MichiKen kicked off the creation of new businesses in Kithoka in June 2012. The plan is to develop a program targeted toward existing small businesses desiring to grow, and in addition to identify established Kithoka area entrepreneurs desiring to start new businesses. The local community and business leaders, having established KLDC, organized the Business Plan Competition along with mentorship for the businesses selected. MichiKen supports this effort with business funding in the form of micro loans, as well as student and community personnel working with Kenyan partners on entrepreneurship.
Overflow crowd of presenters at Business Plan Competition
The business plan judging was led by KLDC, a committee of five local leaders and two business representatives from Meru University. Evaluation criteria included the quality of the business plan, the ability and experience of the entrepreneurs, the potential for business success and sustainability, production, job creation, and the future ability to repay loans. Consideration was also given to promoting diversity of age, gender, and business sectors.
Dickson Gitubu (Kithoka and Meru area business person with a Master’s degree in business and entrepreneurship from Kenya Methodist University) and Andrian Mungonia (business professor from Meru University with Kithoka ties) led the screening meeting and interacted with the applicants. They showed great knowledge and expertise, mixed with an engaging, trusting, and humorous approach that put the applicants at ease. Bessy Mugambi, MichiKen’s Kithoka area Finance and Project Manager, added insightful questions and clarifications. Bessy will work with each of the selected businesses to monitor progress and collect loan payments.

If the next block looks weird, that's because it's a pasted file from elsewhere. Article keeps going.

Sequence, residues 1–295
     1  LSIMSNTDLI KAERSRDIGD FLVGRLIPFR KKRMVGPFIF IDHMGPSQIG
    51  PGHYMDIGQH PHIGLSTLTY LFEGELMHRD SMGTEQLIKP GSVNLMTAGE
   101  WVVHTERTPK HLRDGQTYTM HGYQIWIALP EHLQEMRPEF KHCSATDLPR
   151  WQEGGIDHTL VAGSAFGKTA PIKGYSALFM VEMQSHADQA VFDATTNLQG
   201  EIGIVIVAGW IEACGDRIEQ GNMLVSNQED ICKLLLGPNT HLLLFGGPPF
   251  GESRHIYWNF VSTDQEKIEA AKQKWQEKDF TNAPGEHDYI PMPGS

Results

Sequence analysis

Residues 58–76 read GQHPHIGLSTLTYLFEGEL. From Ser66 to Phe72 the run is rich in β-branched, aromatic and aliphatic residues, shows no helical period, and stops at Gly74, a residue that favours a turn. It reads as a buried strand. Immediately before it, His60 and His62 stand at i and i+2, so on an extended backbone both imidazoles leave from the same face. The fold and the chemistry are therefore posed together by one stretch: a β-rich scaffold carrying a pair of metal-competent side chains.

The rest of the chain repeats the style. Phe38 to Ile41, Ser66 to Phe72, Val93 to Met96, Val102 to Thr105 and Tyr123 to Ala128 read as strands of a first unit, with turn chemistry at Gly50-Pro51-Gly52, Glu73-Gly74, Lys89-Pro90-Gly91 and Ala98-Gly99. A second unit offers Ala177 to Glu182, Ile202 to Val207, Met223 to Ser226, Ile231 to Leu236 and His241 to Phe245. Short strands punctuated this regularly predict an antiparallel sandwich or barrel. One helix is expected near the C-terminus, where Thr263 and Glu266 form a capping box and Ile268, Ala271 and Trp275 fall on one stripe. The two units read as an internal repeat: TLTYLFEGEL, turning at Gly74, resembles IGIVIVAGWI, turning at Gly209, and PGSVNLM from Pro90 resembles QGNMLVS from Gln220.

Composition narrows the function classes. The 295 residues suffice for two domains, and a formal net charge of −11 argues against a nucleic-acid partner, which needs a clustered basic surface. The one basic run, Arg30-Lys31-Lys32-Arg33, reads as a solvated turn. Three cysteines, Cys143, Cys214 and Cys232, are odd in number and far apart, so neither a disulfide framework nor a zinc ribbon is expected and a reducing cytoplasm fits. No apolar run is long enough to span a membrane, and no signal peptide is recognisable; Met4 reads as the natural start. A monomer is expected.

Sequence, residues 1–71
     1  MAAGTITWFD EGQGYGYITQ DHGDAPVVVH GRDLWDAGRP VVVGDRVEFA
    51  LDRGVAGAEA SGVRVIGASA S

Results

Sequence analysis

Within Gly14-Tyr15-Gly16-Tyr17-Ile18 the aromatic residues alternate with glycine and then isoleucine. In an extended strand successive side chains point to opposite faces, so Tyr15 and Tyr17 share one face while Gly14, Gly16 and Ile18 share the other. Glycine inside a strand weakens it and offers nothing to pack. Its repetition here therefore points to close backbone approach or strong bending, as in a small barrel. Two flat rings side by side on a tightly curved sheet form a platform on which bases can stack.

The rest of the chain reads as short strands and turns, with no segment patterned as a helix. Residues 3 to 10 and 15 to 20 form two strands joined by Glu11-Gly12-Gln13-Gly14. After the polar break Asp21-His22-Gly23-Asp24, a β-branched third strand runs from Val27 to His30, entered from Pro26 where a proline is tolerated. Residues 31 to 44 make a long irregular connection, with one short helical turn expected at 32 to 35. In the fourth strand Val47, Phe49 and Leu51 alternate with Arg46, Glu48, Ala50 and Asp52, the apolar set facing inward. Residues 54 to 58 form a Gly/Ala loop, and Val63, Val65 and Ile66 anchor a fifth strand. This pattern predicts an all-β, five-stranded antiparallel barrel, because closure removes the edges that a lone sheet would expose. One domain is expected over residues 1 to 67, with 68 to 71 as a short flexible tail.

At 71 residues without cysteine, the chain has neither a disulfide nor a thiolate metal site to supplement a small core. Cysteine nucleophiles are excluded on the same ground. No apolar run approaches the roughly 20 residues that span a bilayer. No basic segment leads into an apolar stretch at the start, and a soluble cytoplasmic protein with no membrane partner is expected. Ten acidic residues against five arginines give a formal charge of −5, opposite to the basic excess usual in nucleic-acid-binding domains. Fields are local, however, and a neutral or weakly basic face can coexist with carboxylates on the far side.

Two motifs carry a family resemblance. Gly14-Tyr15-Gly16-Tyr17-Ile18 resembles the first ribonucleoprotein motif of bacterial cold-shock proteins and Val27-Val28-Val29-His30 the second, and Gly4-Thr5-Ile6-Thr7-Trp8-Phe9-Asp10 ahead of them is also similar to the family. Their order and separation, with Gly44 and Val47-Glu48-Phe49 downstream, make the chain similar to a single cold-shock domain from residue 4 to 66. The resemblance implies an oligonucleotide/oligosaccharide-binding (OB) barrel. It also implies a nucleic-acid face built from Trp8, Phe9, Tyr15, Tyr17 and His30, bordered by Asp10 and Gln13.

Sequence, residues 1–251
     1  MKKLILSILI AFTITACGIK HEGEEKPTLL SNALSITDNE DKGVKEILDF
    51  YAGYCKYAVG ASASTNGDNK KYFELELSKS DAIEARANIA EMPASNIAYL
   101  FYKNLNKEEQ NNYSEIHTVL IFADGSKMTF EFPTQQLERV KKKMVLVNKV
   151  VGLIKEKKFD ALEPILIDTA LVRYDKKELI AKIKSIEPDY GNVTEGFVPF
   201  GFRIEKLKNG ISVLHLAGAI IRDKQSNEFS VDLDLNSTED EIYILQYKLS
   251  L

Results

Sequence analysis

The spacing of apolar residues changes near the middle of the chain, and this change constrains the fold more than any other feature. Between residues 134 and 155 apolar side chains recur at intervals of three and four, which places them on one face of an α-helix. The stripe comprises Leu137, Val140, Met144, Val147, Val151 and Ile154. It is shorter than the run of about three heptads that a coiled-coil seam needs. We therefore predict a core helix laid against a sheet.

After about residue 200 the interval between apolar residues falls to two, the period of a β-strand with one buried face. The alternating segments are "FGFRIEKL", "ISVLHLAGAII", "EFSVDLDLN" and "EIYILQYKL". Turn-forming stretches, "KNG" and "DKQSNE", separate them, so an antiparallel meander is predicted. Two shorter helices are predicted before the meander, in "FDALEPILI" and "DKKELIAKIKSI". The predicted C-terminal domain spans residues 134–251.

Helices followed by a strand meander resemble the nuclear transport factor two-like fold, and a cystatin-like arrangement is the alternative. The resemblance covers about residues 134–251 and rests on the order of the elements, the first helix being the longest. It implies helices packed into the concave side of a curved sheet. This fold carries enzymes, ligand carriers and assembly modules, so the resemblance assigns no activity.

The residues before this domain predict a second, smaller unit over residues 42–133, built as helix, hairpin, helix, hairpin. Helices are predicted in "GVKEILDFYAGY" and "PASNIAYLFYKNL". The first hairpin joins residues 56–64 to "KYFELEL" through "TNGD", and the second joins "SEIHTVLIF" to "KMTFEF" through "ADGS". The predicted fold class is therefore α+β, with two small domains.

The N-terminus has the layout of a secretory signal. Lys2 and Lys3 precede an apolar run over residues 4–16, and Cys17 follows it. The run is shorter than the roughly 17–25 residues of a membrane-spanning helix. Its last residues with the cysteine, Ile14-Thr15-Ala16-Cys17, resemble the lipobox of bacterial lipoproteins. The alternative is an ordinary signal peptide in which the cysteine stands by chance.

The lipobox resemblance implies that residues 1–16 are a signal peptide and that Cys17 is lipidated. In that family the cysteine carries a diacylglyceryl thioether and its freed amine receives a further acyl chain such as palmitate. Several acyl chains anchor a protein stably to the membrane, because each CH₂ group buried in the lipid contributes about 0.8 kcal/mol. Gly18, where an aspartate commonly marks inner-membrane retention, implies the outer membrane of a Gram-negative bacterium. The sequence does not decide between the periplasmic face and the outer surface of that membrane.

University of Michigan students, faculty, and US business volunteers observed the process and partnered for a two-week practicum for business idea generation, market research, and preliminary business plans. Following the initial screening meeting and the two-week practicum, site visits and interviews were completed by KLDC during the month of July. A requirement for each business was obtaining an endorsement from the mayor of Kithoka.
The nine businesses selected will be announced in upcoming articles. Jim Sterken, President of MichiKen, commented on the quality and potential of many of the submitted proposals. “The people of Kithoka are serious, dedicated small business owners with solid ideas on which to build a strengthened local economy.” Many of the applicants were women, and most proposals were retail, farm or agricultural related. Business proposals funded in this first competition include: extra cattle or poultry for farmers, a sewing machine and materials for a seamstress, a color printer for a photographer, a refrigerator for a butcher, and an extra oven for a baker.
An example of the success of providing a small amount of start-up funding is the earlier award of a MichiKen Entrepreneurial Grant of 100,000 Kenya Shillings ($1,200) to MEPO Poultry, a start-up agricultural business in Kithoka. Founders Emmanuel Murithi, Eric Mwenda Mwobobia, and Julius Mwangi established a business to raise chickens incorporating healthy, locally sourced feed, and a free-range environment. By using a special breed of chicken, MEPO can offer its customers a larger, healthier chicken than those typically sold in local markets. See article, “First MichiKen Grant” below for a report on the progress of this small entrepreneurial business.
MichiKen and KLDC plan to fund more businesses in the future, as well as providing ongoing mentoring and additional loans for expansion of businesses showing success after their first round of funding. An objective for the June 2015 Business Plan Competition will be to generate proposals for brand new businesses in Kithoka.